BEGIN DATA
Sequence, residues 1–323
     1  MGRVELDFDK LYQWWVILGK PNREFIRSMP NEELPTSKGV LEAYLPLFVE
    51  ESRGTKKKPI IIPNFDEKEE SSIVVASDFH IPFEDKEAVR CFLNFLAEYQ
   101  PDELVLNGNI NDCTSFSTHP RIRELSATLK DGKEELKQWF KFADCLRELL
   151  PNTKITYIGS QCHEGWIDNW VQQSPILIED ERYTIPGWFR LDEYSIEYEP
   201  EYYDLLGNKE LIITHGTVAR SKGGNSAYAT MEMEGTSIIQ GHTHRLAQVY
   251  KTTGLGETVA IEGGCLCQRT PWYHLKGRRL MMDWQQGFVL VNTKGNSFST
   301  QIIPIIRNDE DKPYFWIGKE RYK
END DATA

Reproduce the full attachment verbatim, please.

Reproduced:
Sequence, residues 1–323
     1  MGRVELDFDK LYQWWVILGK PNREFIRSMP NEELPTSKGV LEAYLPLFVE
    51  ESRGTKKKPI IIPNFDEKEE SSIVVASDFH IPFEDKEAVR CFLNFLAEYQ
   101  PDELVLNGNI NDCTSFSTHP RIRELSATLK DGKEELKQWF KFADCLRELL
   151  PNTKITYIGS QCHEGWIDNW VQQSPILIED ERYTIPGWFR LDEYSIEYEP
   201  EYYDLLGNKE LIITHGTVAR SKGGNSAYAT MEMEGTSIIQ GHTHRLAQVY
   251  KTTGLGETVA IEGGCLCQRT PWYHLKGRRL MMDWQQGFVL VNTKGNSFST
   301  QIIPIIRNDE DKPYFWIGKE RYK